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Neurofibromatosis 1 (Recklinghausen Disease) and Neurofibromatosis 2 (Bilateral Acoustic Neurofibromatosis): An Update

John J. Mulvihill, MD; Dilys M. Parry, PhD; John L. Sherman, MD; Anita Pikus, MA; Muriel I. Kaiser-Kupfer, MD; and Roswell Eldridge, MD
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Requests for Reprints: John J. Mulvihill, MD, Department of Human Genetics, University of Pittsburgh, Crabtree Hall A300, 130 DeSoto Street, Pittsburgh, PA 15261.

Current Author Addresses: Dr. Mulvihill: Department of Human Genetics, University of Pittsburgh, Crabtree Hall A300, 130 DeSoto Street, Pittsburgh, PA 15261.

Dr. Parry: Clinical Epidemiology Branch, National Cancer Institute, National Institutes of Health, Executive Plaza North, Room 400, Bethesda, MD 20892.

Dr. Sherman: Wheaton Magnetic Imaging, 2801 University Boulevard, Kensington, MD 20895.

Ms. Pikus: Audiology Clinic, National Institute of Deafness and Other Communication Disorders, National Institutes of Health, Building 10, Room 5C306, Bethesda, MD 20892.

Dr. Kaiser-Kupfer: Clinical Branch, National Eye Institute, National Institutes of Health, Building 10, Room 10N226, Bethesda, MD 20892.

Dr. Eldridge: Neuroepidemiology Branch, National Institute of Neurological Disorders and Stroke, National Institutes of Health, Federal Building, Room 710, Bethesda, MD 20892.

© 1990 American College of PhysiciansAmerican College of Physicians

Ann Intern Med. 1990;113(1):39-52. doi:10.7326/0003-4819-113-1-39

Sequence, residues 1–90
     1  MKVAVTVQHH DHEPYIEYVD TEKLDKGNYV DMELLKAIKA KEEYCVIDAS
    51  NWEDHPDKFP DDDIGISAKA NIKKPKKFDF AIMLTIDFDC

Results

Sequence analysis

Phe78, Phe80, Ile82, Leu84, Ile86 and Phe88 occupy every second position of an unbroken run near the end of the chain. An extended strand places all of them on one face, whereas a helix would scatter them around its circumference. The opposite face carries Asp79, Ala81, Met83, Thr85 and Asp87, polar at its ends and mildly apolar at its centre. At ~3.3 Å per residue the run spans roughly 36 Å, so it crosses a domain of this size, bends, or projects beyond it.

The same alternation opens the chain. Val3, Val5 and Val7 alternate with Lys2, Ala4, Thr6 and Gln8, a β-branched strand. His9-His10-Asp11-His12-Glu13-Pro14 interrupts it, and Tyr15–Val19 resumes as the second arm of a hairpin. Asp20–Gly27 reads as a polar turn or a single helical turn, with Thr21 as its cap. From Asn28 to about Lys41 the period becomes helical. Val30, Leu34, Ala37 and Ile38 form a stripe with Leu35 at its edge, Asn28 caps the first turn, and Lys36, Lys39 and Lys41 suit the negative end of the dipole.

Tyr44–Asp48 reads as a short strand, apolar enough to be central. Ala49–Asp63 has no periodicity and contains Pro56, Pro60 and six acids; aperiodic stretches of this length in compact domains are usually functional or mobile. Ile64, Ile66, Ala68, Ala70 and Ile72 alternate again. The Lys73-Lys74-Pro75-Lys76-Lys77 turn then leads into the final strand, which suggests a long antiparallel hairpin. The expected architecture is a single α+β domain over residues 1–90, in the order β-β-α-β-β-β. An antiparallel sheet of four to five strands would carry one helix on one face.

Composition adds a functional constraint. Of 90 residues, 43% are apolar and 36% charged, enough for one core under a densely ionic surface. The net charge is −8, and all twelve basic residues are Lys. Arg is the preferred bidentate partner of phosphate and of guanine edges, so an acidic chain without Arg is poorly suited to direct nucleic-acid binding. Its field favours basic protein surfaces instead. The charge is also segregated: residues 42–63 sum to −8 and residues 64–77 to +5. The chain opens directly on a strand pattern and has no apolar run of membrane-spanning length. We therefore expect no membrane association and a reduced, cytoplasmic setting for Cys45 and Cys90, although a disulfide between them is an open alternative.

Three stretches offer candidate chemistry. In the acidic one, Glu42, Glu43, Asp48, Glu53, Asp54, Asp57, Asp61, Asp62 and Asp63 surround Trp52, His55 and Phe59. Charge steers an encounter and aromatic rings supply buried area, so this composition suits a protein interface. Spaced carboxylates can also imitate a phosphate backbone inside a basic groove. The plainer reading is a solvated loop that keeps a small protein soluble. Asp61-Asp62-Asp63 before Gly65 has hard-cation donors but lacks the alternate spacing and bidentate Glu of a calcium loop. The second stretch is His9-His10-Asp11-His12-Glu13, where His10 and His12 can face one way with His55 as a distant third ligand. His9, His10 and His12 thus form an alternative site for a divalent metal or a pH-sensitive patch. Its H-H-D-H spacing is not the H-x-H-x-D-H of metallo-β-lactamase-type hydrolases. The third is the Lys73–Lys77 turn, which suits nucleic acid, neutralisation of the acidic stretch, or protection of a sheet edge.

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The neurofibromatoses comprise at least two autosomal dominant disorders affecting an estimated 100 000 Americans with clinical manifestations that may require care from every type of clinician. Neurofibromatosis 1 and neurofibromatosis 2 have in common the occurrence of many neurofibromas but are distinctly different clinical disorders. The disease genes are on different chromosomes. Magnetic resonance imaging, particularly with gadolinium enhancement, has generally supplanted other techniques for visualizing brain, spinal, and other neural tumors in both disorders. The technique has rekindled the controversy over the nature and frequency of optic pathway tumors in patients with neurofibromatosis 1 and has revealed, throughout the brains of young patients, bright lesions that have uncertain clinical consequences and unknown pathologic bases. In patients with neurofibromatosis 2, small acoustic neuromas can be seen, leading to the possibility of excision with preservation of hearing and facial nerve function. Abnormal hearing may occur to excess in patients with neurofibromatosis 1, but acoustic neuroma has never been documented. In patients with neurofibromatosis 2, a battery of audiologic tests has a high positive predictive power. Lisch nodules or iris hamartomas, probably a universal sign in adults with the neurofibromatosis 1 gene, cause no problem with vision. Posterior capsular lens opacity in patients with neurofibromatosis 2 is a helpful diagnostic sign and a potential source of additional handicap in persons at risk for impaired hearing. Progress in the clinical delineation of the disorders has been matched with considerable research into the still obscure pathogenesis of the disorders. Such rapid advances may necessitate reconsideration of the conclusions of the National Institutes of Health Consensus Development Conference on Neurofibromatosis, especially those on the categories of persons in which a neurofibromatosis should be considered and the need for caution in recommending surgery. Watchful waiting may often be the best management for acoustic neuromas in neurofibromatosis 2.





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